Researchers are also examining whether more open water might create a feedback loop, with waves breaking ice and speeding up summer melting. Thomson is part of a group who is deploying dozens of sensors offshore of Alaska this summer to study what happens when waves interact with ice.

“The waves are a potentially new process that can push and pull and crash to break up the ice,” Thomson said. “There are several competing theories for what happens when the waves approach and get in to the ice.”

The Tree of 40 Fruit is exactly as awesome as it sounds


The Tree of 40 Fruits is edible contemporary art.Sam Van Aken

Award-winning contemporary artist and Syracuse University art professor Sam Van Aken grew up on a family farm in Reading, Pennsylvania, but he spent his college years and much of his early career focused on art rather than agriculture.

While Van Aken says that his work has always been “inspired by nature and our relationship to nature,” it wasn’t until recently that the artist’s farming background became such a clear and significant influence, first in 2008 when he grafted vegetables together to create strange plants for his Eden exhibition, and then shortly after that when he started to work on the hybridized fruit trees that would become the Tree of 40 Fruit.

Each tree begins as a slightly odd-looking specimen resembling some kind of science experiment, and for much of the year, looks like just any other tree. In spring, the trees bloom to reveal an incredibly striking and thought-provoking example of what can happen when nature inspires art. Then, over the course of several months, Van Aken’s trees produce an incredible harvest of plums, peaches, apricots, nectarines, and almonds, including many you’ve likely never seen before.

Thus far, Van Aken has created and placed 16 trees in museums, community centers, and private art collections around the country, including in Newton, Massachusetts; Pound Ridge, New York; Short Hills, New Jersey; Bentonville, Arkansas; and San Jose, California.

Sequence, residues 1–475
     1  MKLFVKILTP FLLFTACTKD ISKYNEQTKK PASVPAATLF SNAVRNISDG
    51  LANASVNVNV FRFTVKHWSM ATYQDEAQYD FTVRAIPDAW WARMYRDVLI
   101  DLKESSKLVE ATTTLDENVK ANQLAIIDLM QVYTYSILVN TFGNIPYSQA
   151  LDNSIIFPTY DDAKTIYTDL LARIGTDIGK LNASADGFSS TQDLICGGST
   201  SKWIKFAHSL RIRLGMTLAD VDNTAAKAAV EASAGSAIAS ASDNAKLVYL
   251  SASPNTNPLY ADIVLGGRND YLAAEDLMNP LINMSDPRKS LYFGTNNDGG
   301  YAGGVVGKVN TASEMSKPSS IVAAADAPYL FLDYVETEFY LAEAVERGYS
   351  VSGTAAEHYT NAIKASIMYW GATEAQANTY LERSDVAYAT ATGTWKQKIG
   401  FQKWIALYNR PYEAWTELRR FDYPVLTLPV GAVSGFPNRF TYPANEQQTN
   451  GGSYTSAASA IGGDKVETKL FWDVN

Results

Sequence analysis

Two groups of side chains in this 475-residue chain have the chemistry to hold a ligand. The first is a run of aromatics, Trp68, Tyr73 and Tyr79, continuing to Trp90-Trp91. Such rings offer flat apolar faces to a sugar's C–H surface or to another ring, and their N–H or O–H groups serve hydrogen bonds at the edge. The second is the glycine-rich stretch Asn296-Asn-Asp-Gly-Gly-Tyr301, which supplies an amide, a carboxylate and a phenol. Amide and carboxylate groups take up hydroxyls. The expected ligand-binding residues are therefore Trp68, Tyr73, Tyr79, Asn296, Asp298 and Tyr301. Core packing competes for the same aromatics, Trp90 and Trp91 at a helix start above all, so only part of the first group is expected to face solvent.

Using a unique process he calls “sculpture through grafting,” Van Aken creates trees that grow and support more than 40 varieties of stone fruit, including many heirloom, antique, and native varieties.

On the heels of Van Aken’s TEDxManhattan talk, we spoke with him about the Tree of 40 Fruit, how he developed and executed the concept, his plans for the future, and what happens to all that fruit.

Epicurious: What is the Tree of 40 Fruit and what inspired the project?

Sam Van Aken: At the time this project began I was doing a series of radio hoaxes where I hijacked commercial radio station frequencies and played my own commercials and songs. In addition to becoming acquainted with FCC regulations I also discovered that the term “hoax” comes from “hocus pocus,” which in turn comes from the Latin “hoc est enim corpus miem,” meaning “this is my body” and it’s what the Catholic priest says over the bread during [the] Eucharist, transforming it into the body of Christ. This process is known as transubstantiation and [it] led me to wonder how I could transubstantiate a thing. How could the appearance of a thing remain the same while the reality changed? And so, I transubstantiated a fruit tree. Through the majority of the year it is a normal-looking fruit tree until spring when it blossoms in different tones [of] pink, white, and crimson, and late in summer it bears [more than] 40 different types of fruit.